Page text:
a painter’s progress …

Rosewall Hill (detail). © Mari French

Rosewall Hill (detail). © Mari French

 … every so often I get the urge to paint hills. I live in Norfolk (not flat, beautifully rolling – well it is where I live) and I love its sweeping beaches and huge skies, but I used to live on the Isle of Skye and I visit Cornwall often, so you can imagine I might enjoy a change in level occasionally. It’s also a change from the more abstract work I’ve been producing lately.

This painting in acrylics and watercolour pastel on deep sided canvas (80×60 cm), is inspired by Rosewall Hill on the Penwith peninsula, Cornwall. Not an accurate representation, I’ll admit, but for me it attempts to capture its looming presence over the moor.

It might not be completely finished yet, but I thought I’d share the progress of the work, step-by-step. Hope you find it interesting.

Rosewall Hill (stage 1). © Mari French. Acrylic and watercolour pastel on canvas depicting uphill landscape in Penwith, Cornwall.

Rosewall Hill (stage 1). © Mari French

 

I started with a very loose broad brush under-painting in Paynes grey and a mix of Raw Sienna and Titanium white to establish shape and tone (above). As with many of my canvases I prepped it first with a rough coating of texture paste, which I sometimes prefer to a perfectly flat surface.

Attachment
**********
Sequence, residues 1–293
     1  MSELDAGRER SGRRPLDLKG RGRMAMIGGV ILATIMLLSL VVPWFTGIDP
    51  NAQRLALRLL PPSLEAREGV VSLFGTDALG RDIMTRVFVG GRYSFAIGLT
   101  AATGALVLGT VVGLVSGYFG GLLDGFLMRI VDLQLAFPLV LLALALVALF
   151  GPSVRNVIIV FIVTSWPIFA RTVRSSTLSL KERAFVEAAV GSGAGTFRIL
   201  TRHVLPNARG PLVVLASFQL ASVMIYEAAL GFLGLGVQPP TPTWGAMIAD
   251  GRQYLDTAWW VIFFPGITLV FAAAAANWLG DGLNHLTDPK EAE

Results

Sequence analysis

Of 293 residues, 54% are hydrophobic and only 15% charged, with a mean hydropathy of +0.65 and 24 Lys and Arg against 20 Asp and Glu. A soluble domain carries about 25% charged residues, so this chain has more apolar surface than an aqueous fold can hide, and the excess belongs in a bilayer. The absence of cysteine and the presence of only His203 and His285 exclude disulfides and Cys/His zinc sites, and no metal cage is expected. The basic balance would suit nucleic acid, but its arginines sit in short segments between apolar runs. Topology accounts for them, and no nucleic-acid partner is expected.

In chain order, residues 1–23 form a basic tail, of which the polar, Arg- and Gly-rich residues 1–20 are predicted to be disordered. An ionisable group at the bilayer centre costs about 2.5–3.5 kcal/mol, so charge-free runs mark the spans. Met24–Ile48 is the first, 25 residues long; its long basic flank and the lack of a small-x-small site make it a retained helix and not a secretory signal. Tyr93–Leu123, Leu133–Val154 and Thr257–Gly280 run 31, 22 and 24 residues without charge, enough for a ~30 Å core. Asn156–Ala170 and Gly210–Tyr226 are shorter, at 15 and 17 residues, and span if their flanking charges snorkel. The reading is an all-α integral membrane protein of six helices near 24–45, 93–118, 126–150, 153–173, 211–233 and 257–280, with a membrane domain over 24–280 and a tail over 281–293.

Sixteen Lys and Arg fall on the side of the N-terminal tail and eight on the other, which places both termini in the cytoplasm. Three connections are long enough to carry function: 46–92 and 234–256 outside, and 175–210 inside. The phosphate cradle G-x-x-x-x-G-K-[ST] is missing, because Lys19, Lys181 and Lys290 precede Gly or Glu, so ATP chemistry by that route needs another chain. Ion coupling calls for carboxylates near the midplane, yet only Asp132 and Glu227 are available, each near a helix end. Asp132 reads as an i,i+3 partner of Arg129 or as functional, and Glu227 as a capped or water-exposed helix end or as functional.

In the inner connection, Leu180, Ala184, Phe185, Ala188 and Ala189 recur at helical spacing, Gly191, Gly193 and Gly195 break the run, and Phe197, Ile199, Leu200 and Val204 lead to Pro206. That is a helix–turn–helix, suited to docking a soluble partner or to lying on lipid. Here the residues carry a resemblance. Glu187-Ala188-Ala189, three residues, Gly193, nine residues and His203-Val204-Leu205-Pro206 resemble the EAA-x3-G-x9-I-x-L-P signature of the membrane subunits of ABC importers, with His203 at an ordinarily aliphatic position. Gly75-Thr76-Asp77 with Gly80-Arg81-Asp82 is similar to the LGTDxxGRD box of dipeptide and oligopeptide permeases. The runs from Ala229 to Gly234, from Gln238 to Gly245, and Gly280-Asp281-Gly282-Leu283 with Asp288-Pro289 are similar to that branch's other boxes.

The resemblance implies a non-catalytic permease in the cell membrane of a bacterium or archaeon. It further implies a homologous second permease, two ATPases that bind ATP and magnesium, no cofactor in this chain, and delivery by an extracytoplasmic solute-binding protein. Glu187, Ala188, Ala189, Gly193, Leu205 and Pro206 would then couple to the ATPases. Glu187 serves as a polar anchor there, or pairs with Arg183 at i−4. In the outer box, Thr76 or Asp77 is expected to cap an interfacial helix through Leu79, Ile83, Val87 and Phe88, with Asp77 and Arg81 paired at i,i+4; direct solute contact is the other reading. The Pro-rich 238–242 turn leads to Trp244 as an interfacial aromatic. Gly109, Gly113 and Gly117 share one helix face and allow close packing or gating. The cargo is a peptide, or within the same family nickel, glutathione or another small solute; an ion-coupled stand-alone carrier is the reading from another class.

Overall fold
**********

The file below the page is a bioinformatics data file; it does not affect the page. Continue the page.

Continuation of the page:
I deliberately used an unusual colour palette next, of Wedgwood blue, Permanent Rose and a little white, roughly mixed on canvas, to unite the separate areas of the sky and foreground (below). I avoid greens like the plague in my landscapes, in case you hadn’t noticed! They’re too obvious, I prefer colours that create an atmosphere.

Rosewall Hill (stage 2). © Mari French

Rosewall Hill (stage 2). © Mari French

In the process much of the lovely initial under painting is lost, but I’ve learnt not to be too precious about this otherwise I’d  end up too nervous to create an effective artwork. 

I also had to adjust the shape and position of the hill a couple of times. Before the new purple mix dried I splashed and  dropped water here and there, allowing it to run in places, creating pale lines in the paint.

Rosewall Hill (stage 3). © Mari French

Rosewall Hill (stage 3). © Mari French